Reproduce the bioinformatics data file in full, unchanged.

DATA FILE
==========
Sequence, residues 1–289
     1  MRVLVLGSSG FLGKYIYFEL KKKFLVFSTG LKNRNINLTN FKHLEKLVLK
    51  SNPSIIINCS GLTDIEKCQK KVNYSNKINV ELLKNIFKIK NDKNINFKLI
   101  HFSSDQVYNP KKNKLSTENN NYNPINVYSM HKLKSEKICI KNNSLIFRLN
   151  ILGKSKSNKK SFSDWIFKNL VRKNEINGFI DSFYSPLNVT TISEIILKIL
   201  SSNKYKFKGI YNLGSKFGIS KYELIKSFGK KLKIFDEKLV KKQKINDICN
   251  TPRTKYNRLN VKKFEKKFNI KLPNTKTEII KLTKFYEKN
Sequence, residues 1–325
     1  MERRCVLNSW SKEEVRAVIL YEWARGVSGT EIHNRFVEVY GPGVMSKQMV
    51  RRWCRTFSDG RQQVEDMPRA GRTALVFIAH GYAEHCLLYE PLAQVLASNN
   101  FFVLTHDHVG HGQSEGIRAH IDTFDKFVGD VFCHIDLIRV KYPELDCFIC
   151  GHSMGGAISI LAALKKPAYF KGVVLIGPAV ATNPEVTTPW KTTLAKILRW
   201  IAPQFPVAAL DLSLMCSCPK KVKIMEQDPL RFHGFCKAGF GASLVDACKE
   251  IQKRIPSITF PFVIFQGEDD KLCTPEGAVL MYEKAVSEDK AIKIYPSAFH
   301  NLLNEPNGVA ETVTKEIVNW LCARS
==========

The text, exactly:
Sequence, residues 1–289
     1  MRVLVLGSSG FLGKYIYFEL KKKFLVFSTG LKNRNINLTN FKHLEKLVLK
    51  SNPSIIINCS GLTDIEKCQK KVNYSNKINV ELLKNIFKIK NDKNINFKLI
   101  HFSSDQVYNP KKNKLSTENN NYNPINVYSM HKLKSEKICI KNNSLIFRLN
   151  ILGKSKSNKK SFSDWIFKNL VRKNEINGFI DSFYSPLNVT TISEIILKIL
   201  SSNKYKFKGI YNLGSKFGIS KYELIKSFGK KLKIFDEKLV KKQKINDICN
   251  TPRTKYNRLN VKKFEKKFNI KLPNTKTEII KLTKFYEKN
Sequence, residues 1–325
     1  MERRCVLNSW SKEEVRAVIL YEWARGVSGT EIHNRFVEVY GPGVMSKQMV
    51  RRWCRTFSDG RQQVEDMPRA GRTALVFIAH GYAEHCLLYE PLAQVLASNN
   101  FFVLTHDHVG HGQSEGIRAH IDTFDKFVGD VFCHIDLIRV KYPELDCFIC
   151  GHSMGGAISI LAALKKPAYF KGVVLIGPAV ATNPEVTTPW KTTLAKILRW
   201  IAPQFPVAAL DLSLMCSCPK KVKIMEQDPL RFHGFCKAGF GASLVDACKE
   251  IQKRIPSITF PFVIFQGEDD KLCTPEGAVL MYEKAVSEDK AIKIYPSAFH
   301  NLLNEPNGVA ETVTKEIVNW LCARS